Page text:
[Nfbc-info] Commentary: Lynx looks to partner with Uber to give rides to disabled folks

nancy Lynn seabreeze.stl at gmail.com
Mon May 1 18:37:10 UTC 2017

Commentary: Lynx looks to partner with Uber to give rides to disabled folks
Article Link: http://www.orlandosentinel.com/news/lake/os-lauren-ritchie-uber-lynx-partnership-20170427-story.html 

Q. What dolt would try to bar a Labrador retriever from a public place who is a trained guide dog for his blind owner?

A. One who works for the on-demand car service company Uber.

In a grand show of First-World selfishness, one of Uber’s drivers in October declared she didn’t want dog hair in her Cadillac and refused to let a guide dog named Keats hop in with his owner. A polite creature, Keats sat quietly outside the car, watching.

His owner, Judy Mathews, who has been blind from birth, calmly detailed for the driver the federal law that allows her service dog to go anywhere she does, but the shrew of a driver didn’t care. (One can imagine this driver bursting into tears when her iPhone 7 plus didn’t fit in the back pocket of her favorite jeans.)

Mathews complained and is still waiting for the U.S. Department of Justice to finish investigating the incident.

Last year, Uber settled a lawsuit with the National Federation for the Blind by agreeing to educate drivers on the requirements of the Americans with Disabilities Act and ban those who don’t follow the law.

Mathews’ encounter with the clueless driver shows Uber didn’t successfully educate all its drivers. A new law to prevent discrimination against the disabled using ride-sharing networks sailed through the Legislature this year. It requires drivers to accommodate service animals like Keats.

Even while Uber was fighting to keep Keats and his canine colleagues out of its drivers’ cars, plans were afoot behind the scenes to turn the company into a partner and a life-changing force for the disabled.

Advocates are pushing the Lynx bus system and handicapped transportation service to partner with the Uber to provide cheaper rides for the disabled in Orange, Seminole, Osceola and parts of Lake and Polk counties.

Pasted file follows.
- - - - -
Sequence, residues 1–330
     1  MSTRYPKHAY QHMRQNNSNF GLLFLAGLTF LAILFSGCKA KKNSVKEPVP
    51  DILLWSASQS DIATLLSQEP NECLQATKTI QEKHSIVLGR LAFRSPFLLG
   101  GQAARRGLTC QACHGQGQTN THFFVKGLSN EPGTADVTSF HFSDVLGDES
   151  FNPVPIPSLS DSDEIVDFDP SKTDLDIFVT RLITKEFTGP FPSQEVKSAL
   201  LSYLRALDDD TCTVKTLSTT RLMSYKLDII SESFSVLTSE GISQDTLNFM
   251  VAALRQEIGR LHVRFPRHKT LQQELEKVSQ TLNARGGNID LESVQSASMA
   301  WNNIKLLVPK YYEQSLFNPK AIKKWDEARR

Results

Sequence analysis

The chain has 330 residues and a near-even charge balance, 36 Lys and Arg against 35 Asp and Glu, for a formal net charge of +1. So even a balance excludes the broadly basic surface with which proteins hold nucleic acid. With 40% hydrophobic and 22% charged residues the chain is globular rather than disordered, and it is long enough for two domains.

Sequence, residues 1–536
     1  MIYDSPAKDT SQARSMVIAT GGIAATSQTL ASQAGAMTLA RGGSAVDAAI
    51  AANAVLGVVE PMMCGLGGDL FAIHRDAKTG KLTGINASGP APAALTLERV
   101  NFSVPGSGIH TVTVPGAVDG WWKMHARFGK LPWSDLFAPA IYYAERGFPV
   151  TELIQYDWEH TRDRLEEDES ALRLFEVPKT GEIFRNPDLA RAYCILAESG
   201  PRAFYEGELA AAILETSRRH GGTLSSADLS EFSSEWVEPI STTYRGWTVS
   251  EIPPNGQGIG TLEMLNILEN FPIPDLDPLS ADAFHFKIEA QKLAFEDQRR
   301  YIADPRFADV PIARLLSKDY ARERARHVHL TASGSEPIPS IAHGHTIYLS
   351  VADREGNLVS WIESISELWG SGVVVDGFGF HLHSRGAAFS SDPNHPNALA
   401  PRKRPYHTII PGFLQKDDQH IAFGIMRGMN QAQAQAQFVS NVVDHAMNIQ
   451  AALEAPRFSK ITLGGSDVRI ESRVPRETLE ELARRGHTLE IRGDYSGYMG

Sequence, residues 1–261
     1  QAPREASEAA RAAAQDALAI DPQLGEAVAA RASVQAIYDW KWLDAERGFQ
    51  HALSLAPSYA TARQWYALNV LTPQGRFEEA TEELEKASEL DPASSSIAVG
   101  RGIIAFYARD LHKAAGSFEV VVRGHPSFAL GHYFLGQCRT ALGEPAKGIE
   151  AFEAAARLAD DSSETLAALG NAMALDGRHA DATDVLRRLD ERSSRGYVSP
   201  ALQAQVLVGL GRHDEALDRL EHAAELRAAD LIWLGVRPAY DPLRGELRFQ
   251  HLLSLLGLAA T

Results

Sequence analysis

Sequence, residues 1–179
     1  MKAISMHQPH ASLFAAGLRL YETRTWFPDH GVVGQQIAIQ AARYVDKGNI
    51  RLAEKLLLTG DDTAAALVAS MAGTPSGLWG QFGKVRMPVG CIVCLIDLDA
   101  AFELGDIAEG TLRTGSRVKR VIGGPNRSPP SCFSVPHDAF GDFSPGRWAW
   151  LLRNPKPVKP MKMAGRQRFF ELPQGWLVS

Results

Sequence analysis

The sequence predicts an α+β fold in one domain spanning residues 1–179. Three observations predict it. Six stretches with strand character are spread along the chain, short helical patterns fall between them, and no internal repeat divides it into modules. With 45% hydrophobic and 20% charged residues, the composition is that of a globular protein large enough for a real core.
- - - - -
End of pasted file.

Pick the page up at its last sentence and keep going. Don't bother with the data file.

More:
Edward Johnson, Lynx’s chief executive officer, vowed that it will come to pass. Johnson said planning is expected to start by mid-June, though how it would work is undecided. At least one advocate from Lighthouse Central Florida, which assists people with vision loss, is urging Lynx to adopt the system being used in a trial project in Boston.

That one requires disabled people to sign up and be verified for handicapped service by the Massachusetts Bay Transportation Authority. Then, the handicapped person creates an account with one of the services and receives instructions on how to use it.

The program features reduced fares, lower wait times, same-day booking, faster trips, no sharing of rides, access to vehicles that can fit a wheelchair and in some cases the use of a smart phone provided by Uber. The drivers are specially trained.

“This is the best time, the best chance for this to work because safeguards are now in place,” enthused Lighthouse communications manager Richard Alleyne. “Drivers would get training on how to deal with passengers traveling with service animals — they would be compelled to take training — and they would cast themselves in a better light.”

Alleyne envisions Lynx’s para-transit system possibly picking up half the cost.

Uber spokesman Javi Correoso agreed that the new law opens the door for ride service to work with Lynx and said Uber will be “exploring many opportunities.”

Lynx’s Johnson hasn’t jumped in the backseat with Keats quite yet. Lynx currently is negotiating a new contract with its provider of handicapped transportation, which uses big vans for wheelchairs. The agreement will have new provisions defining how the company would work with ride-share enterprises like Uber and Lyft. Once that’s done, Johnson said, he plans to start talking with the Lynx board of directors about how to structure such a partnership.

“It’s the right thing to do,” said Johnson, who also serves on Lighthouse’s board of directors.

First in line for service will be Mathews — with Keats, of course. Mathews still uses ride-sharing services because of the cost and the convenience. If other blind folks could be sure their guide dogs wouldn’t be turned away, having such a service has the potential to change lives, she said.

“With Uber and Lyft, it opens a whole new world for people with disabilities who don’t drive,” Mathews said. “You can be spontaneous, change your schedule. I’m so excited about the possibilities.”

All right, government, let’s get on it. Keats says he wants a Sunday drive in the country.

Lritchie at orlandosentinel.com. Lauren invites you to send her a friend request on Facebook at www.facebook.com/laurenonlake.


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